Michael deBeyer was raised in the small farming community of Ayr, Ontario. He received a B.A. from York University and an M.A. from the University of New Brunswick. His first book, Rural Night Catalogue (Gaspereau Press, 2002), is largely the product of his M.A. thesis. His second book, Change in a Razor-backed Season, was published by Gaspereau Press in 2005. His poetry continues to appear in literary journals across Canada. He currently lives and writes in Fredericton, New Brunswick.
Questions & Answers
Is there a specific moment that inspired you to pursue poetry?
There was no specific moment that inspired me to write poetry. There was, however, a specific poem: T.S. Eliot’s “Preludes.” Something about that piece was very real to me, very intuitive, like I was contributing to it as I read. Further reading in Eliot, especially “The Wasteland” and “The Hollow Men” only inspired me more. The rhythm of opening lines of “The Burial of the Dead,” the first part of “The Wasteland,” remain the rhythmic archetype for the vast majority of my writing.
How/where do you find inspiration today?
Today, I find inspiration outdoors. I’ve always found inspiration outside, particularly in a “natural” landscape, which is to say one not defined by the human touch. I’m interested in the way the natural world can sometimes appear so incongruous to what I already know or understand. Outside, I’ll reach a kind of contradiction with nature, mentally, that is a common source for my writing, like I have to write the reconciliation between Nature and myself.
What is your writing process?
I really have two completely different writing processes.
- In the first, I encounter some unusual subject matter, or come across some opening lines, and I write them down and gradually build on them (for an hour or for weeks and weeks). I scribble notes to myself and draw arrows all over the page.
- In the second, I have some subject that I know I want to write about. I will think about it for a long time and try to come up with a way into whatever I consider unique about the subject. Eventually, I will jot something down just to create a starting point. I’ll work off that fixed point for a while. When I’m done, I usually have a number of messy pages that may or may not make the poetic cut.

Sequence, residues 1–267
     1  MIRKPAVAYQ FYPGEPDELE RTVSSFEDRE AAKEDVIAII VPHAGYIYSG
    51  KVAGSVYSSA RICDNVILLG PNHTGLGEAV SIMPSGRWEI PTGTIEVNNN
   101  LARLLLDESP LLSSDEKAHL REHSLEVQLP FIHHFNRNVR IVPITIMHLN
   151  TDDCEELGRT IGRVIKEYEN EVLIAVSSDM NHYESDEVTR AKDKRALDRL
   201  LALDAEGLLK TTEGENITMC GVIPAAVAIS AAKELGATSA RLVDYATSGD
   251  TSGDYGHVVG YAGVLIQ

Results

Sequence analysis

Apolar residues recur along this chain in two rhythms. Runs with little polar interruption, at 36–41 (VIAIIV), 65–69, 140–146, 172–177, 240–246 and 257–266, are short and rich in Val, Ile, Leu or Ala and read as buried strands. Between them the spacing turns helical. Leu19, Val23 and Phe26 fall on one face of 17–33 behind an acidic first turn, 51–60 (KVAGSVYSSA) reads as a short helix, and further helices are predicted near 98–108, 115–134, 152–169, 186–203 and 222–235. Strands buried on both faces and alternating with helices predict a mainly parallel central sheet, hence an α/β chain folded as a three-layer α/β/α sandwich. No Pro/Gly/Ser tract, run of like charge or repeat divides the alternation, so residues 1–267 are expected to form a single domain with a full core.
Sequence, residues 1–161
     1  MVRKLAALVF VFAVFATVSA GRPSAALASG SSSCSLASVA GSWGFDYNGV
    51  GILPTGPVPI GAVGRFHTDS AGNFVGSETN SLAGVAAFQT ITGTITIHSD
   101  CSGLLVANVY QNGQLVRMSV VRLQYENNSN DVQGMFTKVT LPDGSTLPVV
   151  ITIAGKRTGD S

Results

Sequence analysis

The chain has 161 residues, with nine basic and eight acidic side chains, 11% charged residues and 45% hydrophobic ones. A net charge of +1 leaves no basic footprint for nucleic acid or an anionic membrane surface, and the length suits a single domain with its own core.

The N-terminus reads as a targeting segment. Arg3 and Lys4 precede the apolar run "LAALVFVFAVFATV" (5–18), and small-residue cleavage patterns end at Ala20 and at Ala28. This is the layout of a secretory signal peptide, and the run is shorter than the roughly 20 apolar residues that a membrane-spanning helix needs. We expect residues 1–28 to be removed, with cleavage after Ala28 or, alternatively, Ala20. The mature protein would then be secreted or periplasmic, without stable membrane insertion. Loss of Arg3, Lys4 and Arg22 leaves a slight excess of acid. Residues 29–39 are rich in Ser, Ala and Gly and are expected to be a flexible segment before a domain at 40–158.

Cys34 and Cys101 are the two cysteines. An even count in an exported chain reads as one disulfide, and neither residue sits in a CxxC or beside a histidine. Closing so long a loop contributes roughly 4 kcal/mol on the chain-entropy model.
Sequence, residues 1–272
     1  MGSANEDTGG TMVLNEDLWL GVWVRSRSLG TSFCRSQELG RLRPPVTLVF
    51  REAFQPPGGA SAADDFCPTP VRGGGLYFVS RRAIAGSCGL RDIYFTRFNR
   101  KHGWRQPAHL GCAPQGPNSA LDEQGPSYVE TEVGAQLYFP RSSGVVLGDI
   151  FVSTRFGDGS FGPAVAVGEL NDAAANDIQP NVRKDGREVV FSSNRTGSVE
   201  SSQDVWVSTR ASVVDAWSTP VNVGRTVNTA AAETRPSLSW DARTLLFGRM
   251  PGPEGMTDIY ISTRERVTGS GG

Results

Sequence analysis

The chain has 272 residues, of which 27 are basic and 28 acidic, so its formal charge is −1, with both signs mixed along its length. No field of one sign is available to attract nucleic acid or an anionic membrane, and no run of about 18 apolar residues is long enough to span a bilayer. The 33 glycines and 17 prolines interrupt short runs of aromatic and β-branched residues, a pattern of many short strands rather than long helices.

What is your revision/editing process?
I’m an editor. I usually write and rewrite a poem three or four times in a notebook before I take it to a computer. On paper, I’m concerned with the sound and concept of the thing. I write in a kind of block form until I take it to my computer. Once on the screen, when the mess suddenly becomes very clean, I start to play with the structure. I prefer common stanza and line lengths as a means of organizing a poem, so much of my editing comes from trying to “make it fit” into an identified stanzaic form. Often, too, this “making it fit” is a source of new ideas, creative thinking, etc.
Did you write poetry in high school? If yes, how did you get started? If no, why not?
I did write poetry in high school. Not at first. I was in a writing class where I usually wrote fiction. Assignments forced me to write poetry, however, and I actually came to like assignments that forced me out of my comfortable, fictional skin. That, and I came to really enjoy the density of poems: how the story or idea of a poem finds such compact expression, like diamond making.
Do you use any resources that a young poet would find useful (e.g. websites, text books, etc.)?
The only resource I use regularly is Merriam Webster’s Collegiate Dictionary (about 15 years old). A student should find this useful. I also visit www.poets.org often.
When you were high school aged, what would have been helpful/motivating to hear from a published poet?
Don’t be afraid to surprise yourself in your poetry. Welcome the unpredictable phrase or uncanny image when they come up. You can test them later to see if they hold up.
That, and adhere to your own standards of what your writing should be.